Previous Projects

Fighting for Citizenship: Indiana’s Black Military Histories

Led by Dr. Michelle Moyd

  Master Sergeant Harold J. Beaulieu, Sr., Public domain, via Wikimedia Commons

In 1961, Malcolm X asked a young Black sit-in student, “if you are a citizen, why do you have to fight for your civil rights? If you’re fighting for your civil rights, that means you’re not a citizen.” Malcolm X’s use of the verb “to fight” immediately calls into question any assumed easy relationship between “service” (whether civic, social, or military) and citizenship for Black people in the United States. Despite Black citizenship being enshrined in the 14th Amendment to the US Constitution, the African American quest for full citizenship remains unfulfilled, as current events remind us daily. Malcolm X’s provocation underscores the complexities of Black military service in the US, past and present. How might his words illuminate more specific regional experiences of Black military service in Indiana, a state with very specific and notorious histories of anti-Black racism, exclusion, violence, and oppression?

By focusing on histories of Black soldiers in Indiana in the 19th and 20th centuries, this project explores US histories of race, racism, and white supremacy through the lenses of service, citizenship, and belonging as embodied in Black soldiers’ lives. Because Black troops have frequently fought in US wars overseas, this project also connects Indiana histories of military service and racisms to global histories of imperialism, war, white supremacy, and Black freedom struggles.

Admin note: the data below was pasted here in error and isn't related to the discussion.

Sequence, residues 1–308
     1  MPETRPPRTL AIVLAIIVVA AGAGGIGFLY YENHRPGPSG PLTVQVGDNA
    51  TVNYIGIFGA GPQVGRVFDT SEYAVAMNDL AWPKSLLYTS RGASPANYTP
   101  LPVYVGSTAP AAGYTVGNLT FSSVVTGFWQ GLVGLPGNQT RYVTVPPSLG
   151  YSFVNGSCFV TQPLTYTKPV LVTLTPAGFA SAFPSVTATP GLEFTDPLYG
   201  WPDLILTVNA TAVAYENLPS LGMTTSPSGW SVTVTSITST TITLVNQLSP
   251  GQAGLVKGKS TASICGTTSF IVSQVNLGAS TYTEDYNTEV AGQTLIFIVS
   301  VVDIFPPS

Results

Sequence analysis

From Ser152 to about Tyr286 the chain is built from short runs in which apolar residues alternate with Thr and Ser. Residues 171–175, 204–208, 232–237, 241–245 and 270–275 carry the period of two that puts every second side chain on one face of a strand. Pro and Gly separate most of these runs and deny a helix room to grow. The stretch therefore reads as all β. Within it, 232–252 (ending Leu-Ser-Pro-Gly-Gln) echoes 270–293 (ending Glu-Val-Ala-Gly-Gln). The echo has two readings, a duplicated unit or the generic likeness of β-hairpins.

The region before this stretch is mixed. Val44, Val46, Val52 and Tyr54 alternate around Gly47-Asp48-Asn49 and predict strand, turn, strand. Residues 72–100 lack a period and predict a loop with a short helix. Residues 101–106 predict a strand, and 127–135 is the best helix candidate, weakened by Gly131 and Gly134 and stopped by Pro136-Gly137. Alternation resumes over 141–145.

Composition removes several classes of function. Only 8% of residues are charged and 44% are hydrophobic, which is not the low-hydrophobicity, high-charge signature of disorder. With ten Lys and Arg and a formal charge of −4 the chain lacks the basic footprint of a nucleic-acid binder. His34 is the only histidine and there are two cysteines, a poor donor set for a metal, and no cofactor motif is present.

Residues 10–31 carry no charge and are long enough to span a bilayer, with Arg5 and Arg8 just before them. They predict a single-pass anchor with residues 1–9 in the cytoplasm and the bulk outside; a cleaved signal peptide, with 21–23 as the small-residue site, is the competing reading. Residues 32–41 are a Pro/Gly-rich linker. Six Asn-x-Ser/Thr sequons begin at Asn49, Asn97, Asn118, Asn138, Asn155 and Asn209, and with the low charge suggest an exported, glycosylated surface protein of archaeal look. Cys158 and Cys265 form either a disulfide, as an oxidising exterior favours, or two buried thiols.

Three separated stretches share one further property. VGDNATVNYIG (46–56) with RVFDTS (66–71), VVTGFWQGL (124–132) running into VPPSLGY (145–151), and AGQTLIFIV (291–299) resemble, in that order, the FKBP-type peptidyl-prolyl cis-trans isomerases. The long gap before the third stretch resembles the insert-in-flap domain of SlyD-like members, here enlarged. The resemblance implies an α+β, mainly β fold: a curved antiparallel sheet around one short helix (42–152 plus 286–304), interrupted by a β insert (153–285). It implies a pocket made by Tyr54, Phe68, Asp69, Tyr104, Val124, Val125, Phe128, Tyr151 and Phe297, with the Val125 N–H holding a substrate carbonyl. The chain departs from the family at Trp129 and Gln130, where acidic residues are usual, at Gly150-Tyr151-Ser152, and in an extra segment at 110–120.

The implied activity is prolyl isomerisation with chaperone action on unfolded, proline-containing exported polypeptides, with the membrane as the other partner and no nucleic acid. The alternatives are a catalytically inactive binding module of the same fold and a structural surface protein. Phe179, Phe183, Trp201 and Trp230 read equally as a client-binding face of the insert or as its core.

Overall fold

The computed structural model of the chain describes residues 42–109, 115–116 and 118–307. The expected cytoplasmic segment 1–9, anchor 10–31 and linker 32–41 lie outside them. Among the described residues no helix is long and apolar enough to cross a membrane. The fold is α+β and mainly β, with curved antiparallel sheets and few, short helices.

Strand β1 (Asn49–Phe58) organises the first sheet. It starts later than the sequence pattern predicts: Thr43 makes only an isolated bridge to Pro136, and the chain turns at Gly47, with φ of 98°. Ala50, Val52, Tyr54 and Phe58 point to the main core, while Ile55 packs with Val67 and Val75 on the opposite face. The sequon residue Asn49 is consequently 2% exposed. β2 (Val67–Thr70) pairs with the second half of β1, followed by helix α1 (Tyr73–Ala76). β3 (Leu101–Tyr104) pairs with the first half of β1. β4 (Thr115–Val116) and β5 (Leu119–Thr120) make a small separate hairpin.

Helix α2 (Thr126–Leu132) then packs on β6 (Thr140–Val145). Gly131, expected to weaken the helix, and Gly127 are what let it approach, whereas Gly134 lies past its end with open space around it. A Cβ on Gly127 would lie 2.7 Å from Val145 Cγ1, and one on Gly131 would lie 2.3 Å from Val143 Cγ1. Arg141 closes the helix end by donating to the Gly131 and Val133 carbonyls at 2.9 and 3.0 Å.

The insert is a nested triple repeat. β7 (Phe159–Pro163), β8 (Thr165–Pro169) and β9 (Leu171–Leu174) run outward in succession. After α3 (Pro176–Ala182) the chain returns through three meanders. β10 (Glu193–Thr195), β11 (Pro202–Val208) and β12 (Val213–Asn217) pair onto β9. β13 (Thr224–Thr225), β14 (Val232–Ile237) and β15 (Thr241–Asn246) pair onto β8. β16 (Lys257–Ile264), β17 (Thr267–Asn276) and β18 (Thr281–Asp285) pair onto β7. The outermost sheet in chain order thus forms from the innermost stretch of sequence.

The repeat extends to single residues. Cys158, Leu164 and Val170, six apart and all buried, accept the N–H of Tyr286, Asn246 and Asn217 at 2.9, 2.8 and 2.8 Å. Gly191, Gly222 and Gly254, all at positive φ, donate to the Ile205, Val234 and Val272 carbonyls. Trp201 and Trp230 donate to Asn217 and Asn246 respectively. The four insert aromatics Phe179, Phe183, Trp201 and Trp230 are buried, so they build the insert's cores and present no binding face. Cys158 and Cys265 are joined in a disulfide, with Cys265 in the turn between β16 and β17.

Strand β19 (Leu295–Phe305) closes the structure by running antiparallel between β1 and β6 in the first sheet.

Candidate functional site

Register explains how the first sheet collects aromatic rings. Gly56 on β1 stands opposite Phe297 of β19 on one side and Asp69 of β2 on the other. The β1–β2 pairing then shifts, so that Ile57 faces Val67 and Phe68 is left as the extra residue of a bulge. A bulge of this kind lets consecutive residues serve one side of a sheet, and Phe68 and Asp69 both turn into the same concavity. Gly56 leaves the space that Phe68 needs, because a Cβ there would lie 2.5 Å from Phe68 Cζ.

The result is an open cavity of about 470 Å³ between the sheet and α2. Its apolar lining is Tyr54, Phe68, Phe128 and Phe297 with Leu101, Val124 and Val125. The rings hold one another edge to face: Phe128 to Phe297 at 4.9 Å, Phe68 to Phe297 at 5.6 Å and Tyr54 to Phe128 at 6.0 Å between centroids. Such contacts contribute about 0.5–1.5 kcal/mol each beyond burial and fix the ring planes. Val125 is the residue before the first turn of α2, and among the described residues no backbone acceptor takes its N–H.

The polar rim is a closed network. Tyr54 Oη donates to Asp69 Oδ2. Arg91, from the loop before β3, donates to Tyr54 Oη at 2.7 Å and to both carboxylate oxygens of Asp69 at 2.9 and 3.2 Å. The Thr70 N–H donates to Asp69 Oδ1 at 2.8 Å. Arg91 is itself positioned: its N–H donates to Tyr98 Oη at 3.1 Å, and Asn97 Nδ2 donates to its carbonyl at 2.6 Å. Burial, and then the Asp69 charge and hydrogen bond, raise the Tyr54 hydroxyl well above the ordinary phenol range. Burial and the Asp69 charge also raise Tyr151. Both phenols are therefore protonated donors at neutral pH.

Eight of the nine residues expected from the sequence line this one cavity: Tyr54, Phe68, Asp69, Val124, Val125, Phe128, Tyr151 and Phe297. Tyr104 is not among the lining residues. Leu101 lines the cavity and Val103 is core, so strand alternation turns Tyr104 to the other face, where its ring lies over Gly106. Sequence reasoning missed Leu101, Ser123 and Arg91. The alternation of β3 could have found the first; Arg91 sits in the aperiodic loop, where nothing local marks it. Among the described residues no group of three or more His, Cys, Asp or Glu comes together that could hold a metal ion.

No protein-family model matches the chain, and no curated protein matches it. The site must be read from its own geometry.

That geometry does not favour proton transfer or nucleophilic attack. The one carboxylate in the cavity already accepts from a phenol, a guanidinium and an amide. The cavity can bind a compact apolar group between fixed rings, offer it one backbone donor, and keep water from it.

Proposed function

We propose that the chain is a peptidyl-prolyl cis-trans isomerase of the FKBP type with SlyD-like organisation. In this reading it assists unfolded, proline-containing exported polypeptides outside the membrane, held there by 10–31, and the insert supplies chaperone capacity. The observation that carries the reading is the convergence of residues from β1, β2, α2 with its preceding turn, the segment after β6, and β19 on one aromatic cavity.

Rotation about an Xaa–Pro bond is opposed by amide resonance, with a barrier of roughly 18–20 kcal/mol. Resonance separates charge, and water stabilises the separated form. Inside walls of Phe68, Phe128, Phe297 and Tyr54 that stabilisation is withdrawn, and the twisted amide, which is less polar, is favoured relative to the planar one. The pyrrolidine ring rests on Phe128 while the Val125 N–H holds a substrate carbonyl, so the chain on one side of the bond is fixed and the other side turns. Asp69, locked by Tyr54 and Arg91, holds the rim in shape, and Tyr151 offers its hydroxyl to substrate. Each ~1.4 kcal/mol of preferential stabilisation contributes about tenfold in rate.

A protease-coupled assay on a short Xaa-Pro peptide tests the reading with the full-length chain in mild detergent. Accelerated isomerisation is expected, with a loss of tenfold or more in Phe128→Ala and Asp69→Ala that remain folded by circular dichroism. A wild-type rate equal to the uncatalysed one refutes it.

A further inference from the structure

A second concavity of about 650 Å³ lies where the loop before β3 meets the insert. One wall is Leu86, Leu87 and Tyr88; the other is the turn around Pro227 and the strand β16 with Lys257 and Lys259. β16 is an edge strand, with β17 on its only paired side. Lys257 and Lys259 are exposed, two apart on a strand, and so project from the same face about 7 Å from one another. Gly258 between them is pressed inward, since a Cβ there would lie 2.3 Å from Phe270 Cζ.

This project surfaces the hidden histories of Black soldiers in and from Indiana to meet three goals: 1) highlight artifacts, documents, photographs, and other materials to offer glimpses of Black military service in Indiana, 2) illuminate how Black soldiers from Indiana participated in US imperial wars, including those waged against Native and Indigenous peoples and overseas during the Spanish-American War, and 3) understand how military service in the 20th century created or foreclosed new opportunities for Black Hoosiers. 

The outcome of this project will be a curated digital collection of primary and secondary historical materials on African American military service in Indiana. With the goal of supporting a “communicative transformation” in how scholarly research is shared, the aim of this curated digital repository and research portal is to make a variety of sources available to different audiences. By incorporating explanatory texts, maps, audio, and other supporting materials to make the material accessible, underrepresented histories will become more visible to a variety of publics, engaged communities, researchers, and teachers. 

Protest Sign Digital Archive

Living through Historical Moments: An Archive of Summer 2020 Protest Signs

The Center for Research on Race and Ethnicity in Society (CRRES) at Indiana University is creating a digital archive of signs and other objects (masks, flags, t-shirts, speeches written on paper) from the Spring/Summer 2020 protests against police violence and systemic racism, and in support of Black lives. This archive will document the protest signs and other objects used and displayed during historic protests in Bloomington, IN and beyond.